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From the 1960s: I'd still rather put mercury on a wound than be a kid today

April 17, 2014 - Paul Giannamore
The 50th anniversary of the Mustang and the lesson that kids don’t know what a radio is (learned during the Franciscan University of Steubenville’s Faith and Media seminar) weren’t enough for this week.

No. The realization of time going by hit harder when we started one of those newsroom fun talks that led to the discussion of the miraculous skinned-knee healer, Mercurochrome. This orange-red liquid that was painted over any childhood cut from the 1950s to maybe the early 1970s, was the healer of choice for moms everywhere. Kid comes in crying after falling off the bicycle or from sliding into second base on that house construction site serving as this week’s neighborhood baseball diamond and it’s Mercurochrome Time!

Head off to the bathroom, sit on the closed toilet and mom would pull out the vial, unscrew the lid with the little brush thing attached and paint the kid’s wound. There. Good as new. Use a Band Aid over that, with the orange-red dye stain sticking out around the band-aid, and off you go, back out to second base or onto the bicycle.

Later, she’d use the same brush on your brother. Germ sharing apparently wasn’t a problem. (Hey, does this mean there’s a little of my leftover cellular knee goop in Wichita every day?)

And in the basement, among dad’s tools was likely to be a vial of mercury, that wonder substance that was both liquid and solid. Separate it into beads and push the beads back together and herd it back into the test tube. A few minutes of fun on the workbench.

And we lived blissfully ignorant of the fact that playing with mercury was an awfully dangerous activity guaranteed to create three-headed children, amphibians with nine legs and glow-in-the-dark cattle. It was just some stuff from the mill or the power plant or the railroad or wherever dad worked. And it was inside thermometers, so it was just a cool tool, eh?

That when turned into a salt and combined with some chromium salts in an iodine suspension it also became a magical healer was just another plus.

Didn’t matter that your knee and those of all your elementary school comrades generally became covered by an inordinately thick and oozing scab in the middle of that red dye stain. You were healing. You’d compare scab depths.

“Geez, Roscoe, that’s a good scab you got there on that elbow.”

“Mine’s thicker than yours, Pablo, so I’m gonna have a cooler scar.”

“Are not.”

And so on.

Until, that is, the day that science discovered you weren’t healing. You were poisoning yourself.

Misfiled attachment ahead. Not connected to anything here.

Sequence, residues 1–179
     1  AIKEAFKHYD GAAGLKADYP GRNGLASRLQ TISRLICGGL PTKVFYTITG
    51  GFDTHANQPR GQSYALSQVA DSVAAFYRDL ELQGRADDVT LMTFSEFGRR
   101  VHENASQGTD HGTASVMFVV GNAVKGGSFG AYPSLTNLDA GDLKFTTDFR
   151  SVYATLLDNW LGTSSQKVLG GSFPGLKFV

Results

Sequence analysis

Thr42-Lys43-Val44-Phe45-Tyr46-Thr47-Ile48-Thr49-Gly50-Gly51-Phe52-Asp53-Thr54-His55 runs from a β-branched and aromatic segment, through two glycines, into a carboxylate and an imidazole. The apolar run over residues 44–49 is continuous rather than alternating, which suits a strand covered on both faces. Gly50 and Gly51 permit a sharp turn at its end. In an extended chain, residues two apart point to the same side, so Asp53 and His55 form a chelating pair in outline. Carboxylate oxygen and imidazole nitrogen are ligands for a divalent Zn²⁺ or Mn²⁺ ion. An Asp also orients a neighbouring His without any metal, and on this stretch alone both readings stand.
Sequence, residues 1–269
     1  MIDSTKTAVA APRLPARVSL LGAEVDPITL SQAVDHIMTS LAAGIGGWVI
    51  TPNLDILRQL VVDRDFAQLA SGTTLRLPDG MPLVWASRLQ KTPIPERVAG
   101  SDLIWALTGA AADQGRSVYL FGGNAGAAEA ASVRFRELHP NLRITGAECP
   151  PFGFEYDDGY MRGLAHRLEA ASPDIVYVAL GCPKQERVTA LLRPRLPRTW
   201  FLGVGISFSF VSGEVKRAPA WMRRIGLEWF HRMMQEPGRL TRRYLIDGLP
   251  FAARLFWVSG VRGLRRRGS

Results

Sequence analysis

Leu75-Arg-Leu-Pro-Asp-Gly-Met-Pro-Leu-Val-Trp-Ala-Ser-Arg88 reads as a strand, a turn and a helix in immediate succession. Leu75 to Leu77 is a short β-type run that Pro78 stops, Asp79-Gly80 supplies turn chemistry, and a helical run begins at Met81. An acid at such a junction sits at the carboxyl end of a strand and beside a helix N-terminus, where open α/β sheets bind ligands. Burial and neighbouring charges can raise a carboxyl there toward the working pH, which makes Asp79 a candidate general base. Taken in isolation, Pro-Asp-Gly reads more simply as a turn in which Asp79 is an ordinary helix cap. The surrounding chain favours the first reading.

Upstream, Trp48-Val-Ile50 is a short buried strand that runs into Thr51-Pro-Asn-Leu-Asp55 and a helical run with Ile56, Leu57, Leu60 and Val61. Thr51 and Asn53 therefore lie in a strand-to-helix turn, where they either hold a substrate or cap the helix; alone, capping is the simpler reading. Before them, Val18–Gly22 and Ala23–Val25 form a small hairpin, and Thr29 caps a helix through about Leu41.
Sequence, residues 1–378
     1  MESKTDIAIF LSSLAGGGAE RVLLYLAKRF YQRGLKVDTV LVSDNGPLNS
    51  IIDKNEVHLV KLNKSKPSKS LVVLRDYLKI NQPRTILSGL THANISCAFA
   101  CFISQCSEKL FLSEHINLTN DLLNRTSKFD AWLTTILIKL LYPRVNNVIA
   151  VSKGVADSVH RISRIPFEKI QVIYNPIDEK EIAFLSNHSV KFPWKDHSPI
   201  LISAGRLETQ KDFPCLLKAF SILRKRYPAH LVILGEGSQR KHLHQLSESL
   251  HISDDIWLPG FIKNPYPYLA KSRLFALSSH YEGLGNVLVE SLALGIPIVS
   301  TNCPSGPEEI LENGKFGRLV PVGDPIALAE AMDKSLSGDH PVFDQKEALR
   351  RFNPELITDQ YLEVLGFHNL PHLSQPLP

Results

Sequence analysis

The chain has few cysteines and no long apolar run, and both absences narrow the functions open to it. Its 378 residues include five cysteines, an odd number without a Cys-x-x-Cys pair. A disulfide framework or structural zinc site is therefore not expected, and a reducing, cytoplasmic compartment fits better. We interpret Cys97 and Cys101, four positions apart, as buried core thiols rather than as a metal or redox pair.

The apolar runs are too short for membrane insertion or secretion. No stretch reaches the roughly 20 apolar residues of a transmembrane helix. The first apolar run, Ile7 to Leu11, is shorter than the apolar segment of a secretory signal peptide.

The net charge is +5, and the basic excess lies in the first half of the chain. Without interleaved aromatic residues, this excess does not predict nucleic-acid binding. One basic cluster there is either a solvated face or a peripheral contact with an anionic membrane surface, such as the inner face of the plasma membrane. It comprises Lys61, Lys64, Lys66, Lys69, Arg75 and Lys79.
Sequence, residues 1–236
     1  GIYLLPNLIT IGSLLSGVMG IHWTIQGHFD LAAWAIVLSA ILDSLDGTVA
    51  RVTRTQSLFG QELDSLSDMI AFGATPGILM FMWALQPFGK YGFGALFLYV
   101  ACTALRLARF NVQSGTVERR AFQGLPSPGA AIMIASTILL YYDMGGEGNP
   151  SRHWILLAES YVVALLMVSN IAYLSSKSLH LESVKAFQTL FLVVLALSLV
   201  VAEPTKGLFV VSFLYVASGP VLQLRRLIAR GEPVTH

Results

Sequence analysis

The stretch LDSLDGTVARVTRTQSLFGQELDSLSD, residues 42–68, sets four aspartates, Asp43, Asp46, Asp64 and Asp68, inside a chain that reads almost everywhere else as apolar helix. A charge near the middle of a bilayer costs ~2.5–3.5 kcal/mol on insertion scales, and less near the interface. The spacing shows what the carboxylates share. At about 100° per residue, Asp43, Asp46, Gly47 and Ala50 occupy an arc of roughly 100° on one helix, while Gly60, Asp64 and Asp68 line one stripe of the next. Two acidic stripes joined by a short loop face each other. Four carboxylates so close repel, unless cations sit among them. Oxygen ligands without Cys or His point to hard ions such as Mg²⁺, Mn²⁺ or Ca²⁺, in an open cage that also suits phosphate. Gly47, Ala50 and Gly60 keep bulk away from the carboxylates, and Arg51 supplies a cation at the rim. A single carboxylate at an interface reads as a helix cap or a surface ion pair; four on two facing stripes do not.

And mercury was dangerous, so dangerous that it even failed as a car brand, apparently. (Yes, I know, Mercury the Car was all about the God of Speed, not harmful liquid metallic things, but it fits my need for comic relief here, so that’s going to stand. Got it?)

It’s so dangerous that microscopic amounts in the government mandated Al Gore approved flourescent sundae tube lamps requires at the very least sealing the room and calling a hazmat squad over if a bulb is broken, according to health authorities.

Did I mention that once when dribbling the basketball in my mom and dad’s basement, with its five-foot-six ceiling, that I managed to knock out a long flourescent tube causing it to hit the concrete floor and vaporize into tiny crystal powder? Our solution? Quick, sweep that up and find one of the spare light tubes in the bottom of the workbench, there, under the shelf with the mercury vial, and get it into the fixture before Mom comes downstairs to find out what that explosion was. We didn't put on a breather mask and alert the fire department and evacuate the neighborhood.

Nah. In the 1960s, you painted your leg with mercury and oozed healing powers from a thick scab. Which, as The Boss at Work said, was our bodies saying, “Hey, you aren’t healing. You just painted me with chromium and mercury and that’s not a good idea.”

And you rode your bicycle without a helmet and skateboarded without knee pads. You played basketball without a mouth guard and your brother’s glasses were forever hanging from one temple, one lens shattered and that look of fear that says, “Mom’s going to kill me.”

And none of us had to fear knife-wielding nuts in school or gunmen in the mall or crazies stalking us on the Internet. There wasn’t one.

And we didn’t pass through metal detectors on the way into elementary school. After all, it might have detected all that mercury in our veins.

 
 

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